Tag Archives: Selling Horses

Tina Cook


Tina Cook


Tina Cook is one of Britain’s most successful event riders and has been a mainstay on Team GB since the early 1990’s. She is a three-time Olympic medallist, winning individual and team bronze in 2008 and team silver in London 2012 as well as winning a further 11 medals at World and European Championships. She was part of the gold medal winning team at last year’s European Championships with Billy the Red.

Surprisingly, Tina reveals that some of her best horses have seemed “fairly average” as young horses. The good news is for us budding event riders is that Tina believes that you do not need to start with a massive budget to find a suitable event horse, even if have big ambitions. “In my experience it’s all about having a horse with a good brain” she says. “Then by creating a trusting partnership and having good management as I have done with all my top horses, look at where it can get you.”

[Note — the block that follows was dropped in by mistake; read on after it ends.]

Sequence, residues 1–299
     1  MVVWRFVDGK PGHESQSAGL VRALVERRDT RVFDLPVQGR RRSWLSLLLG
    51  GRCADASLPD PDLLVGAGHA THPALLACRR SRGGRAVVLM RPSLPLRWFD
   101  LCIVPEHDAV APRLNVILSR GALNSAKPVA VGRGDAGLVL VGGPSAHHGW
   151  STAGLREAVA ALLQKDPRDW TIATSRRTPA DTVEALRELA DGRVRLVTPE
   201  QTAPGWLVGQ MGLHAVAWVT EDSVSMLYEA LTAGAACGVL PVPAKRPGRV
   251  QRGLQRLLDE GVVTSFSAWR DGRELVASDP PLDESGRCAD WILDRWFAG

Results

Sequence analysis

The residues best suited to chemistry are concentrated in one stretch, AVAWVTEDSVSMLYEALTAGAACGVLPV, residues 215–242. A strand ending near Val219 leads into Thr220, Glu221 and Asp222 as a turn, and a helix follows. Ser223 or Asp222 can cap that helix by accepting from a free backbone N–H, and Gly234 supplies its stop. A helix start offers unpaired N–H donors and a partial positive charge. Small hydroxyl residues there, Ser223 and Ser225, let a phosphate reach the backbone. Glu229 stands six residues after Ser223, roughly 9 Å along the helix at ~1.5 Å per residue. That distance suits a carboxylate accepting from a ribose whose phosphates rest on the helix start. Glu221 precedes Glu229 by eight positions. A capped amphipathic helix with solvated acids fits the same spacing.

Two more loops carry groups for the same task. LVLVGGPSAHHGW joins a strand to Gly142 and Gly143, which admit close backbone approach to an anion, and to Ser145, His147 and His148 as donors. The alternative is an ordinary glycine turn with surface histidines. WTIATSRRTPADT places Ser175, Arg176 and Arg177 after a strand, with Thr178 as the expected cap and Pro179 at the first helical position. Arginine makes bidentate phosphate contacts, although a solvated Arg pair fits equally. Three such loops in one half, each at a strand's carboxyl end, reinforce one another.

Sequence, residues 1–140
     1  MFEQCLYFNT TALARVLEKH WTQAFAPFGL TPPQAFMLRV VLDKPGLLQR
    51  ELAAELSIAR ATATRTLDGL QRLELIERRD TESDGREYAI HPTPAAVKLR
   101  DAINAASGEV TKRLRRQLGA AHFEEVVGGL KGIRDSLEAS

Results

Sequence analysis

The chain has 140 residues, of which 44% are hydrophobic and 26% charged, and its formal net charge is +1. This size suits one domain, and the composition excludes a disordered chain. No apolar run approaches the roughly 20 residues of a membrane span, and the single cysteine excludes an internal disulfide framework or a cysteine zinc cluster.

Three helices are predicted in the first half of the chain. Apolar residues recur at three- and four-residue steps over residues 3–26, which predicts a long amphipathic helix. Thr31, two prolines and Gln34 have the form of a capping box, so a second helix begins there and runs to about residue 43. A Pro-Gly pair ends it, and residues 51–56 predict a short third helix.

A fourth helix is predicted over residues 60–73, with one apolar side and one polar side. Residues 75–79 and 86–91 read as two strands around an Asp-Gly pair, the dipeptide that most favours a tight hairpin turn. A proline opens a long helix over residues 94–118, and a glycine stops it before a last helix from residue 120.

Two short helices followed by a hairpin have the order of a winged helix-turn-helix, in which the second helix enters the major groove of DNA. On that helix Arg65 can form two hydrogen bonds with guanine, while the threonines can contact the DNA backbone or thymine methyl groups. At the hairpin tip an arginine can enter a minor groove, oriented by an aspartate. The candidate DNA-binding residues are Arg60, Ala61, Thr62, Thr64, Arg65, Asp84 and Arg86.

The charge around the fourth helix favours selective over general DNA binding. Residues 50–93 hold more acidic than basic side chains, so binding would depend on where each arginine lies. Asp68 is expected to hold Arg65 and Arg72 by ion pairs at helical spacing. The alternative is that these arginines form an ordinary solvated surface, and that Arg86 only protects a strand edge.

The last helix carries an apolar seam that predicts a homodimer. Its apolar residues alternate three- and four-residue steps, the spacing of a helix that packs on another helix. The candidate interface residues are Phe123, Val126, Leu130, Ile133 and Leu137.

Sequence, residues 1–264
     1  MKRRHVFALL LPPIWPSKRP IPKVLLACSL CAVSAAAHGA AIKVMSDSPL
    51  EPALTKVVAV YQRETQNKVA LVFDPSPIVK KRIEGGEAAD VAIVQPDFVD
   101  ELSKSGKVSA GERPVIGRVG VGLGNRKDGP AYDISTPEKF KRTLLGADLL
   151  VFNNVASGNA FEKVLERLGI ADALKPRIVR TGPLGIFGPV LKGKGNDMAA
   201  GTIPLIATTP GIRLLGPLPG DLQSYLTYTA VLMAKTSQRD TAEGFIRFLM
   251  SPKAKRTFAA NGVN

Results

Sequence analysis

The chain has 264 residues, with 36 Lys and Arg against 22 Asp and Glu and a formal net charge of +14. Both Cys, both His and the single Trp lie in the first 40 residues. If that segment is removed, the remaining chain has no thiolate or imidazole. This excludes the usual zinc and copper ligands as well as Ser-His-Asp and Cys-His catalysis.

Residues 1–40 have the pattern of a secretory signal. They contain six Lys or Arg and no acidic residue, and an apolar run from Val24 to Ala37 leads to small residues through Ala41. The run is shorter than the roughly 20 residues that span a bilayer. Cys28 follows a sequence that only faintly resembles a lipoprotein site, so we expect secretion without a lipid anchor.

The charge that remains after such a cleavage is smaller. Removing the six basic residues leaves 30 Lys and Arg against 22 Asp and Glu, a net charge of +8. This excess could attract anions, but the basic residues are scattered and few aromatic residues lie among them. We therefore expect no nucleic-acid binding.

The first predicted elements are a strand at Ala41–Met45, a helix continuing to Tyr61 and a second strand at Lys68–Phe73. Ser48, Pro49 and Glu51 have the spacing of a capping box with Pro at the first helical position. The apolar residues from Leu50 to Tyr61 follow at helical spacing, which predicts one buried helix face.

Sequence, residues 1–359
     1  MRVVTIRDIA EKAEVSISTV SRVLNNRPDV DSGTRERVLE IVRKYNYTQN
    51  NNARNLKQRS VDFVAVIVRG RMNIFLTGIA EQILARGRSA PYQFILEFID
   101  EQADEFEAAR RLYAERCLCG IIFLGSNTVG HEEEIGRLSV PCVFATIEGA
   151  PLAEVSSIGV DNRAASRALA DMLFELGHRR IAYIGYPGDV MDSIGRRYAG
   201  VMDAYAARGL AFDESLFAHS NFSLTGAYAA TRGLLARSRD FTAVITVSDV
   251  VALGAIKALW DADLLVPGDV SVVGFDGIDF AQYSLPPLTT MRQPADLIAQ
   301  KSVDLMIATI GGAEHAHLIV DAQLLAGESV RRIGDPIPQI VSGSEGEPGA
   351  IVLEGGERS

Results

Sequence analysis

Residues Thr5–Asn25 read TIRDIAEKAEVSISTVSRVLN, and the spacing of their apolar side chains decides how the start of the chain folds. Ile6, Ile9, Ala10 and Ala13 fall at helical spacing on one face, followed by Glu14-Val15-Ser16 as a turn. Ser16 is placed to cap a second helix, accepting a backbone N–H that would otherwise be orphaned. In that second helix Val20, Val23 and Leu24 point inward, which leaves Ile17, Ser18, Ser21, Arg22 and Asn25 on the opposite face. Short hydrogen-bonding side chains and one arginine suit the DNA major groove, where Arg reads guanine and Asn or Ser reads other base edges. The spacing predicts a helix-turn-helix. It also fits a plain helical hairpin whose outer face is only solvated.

When I look back on my top horses they have not necessarily been the most outstanding young horses, but what they have all had in common is that they have had a trainable, competitive brain and an attitude to want to please me.”

Buying British and buying blood.

Tina has never felt the need to look abroad and has bought the majority of her horses in the UK. Many have come from bloodstock sales or via her brother, the well -known racehorse trainer Nick Gifford.  “I rarely go out and look to buy horses, they tend to find me, but when I do, I have always leaned towards Thoroughbreds. As I am looking for championship and potential four star horses, the more thoroughbred blood the better, and certainly nothing less than 60% blood. It is also the brain I am used to working with so it suits me best.

The blood horses may be more average in their movement but they tend to stay sounder due to their movement being more economical and effortless. I look for an easy action when they are cantering and they must be able to travel between fences. When a horse finds galloping and stamina easy, it’s not only one less thing you have to teach them and work on, but they are the ones that find the extra gear to get themselves out of trouble, even when they are tired. It is when horses are tired that injuries happen.”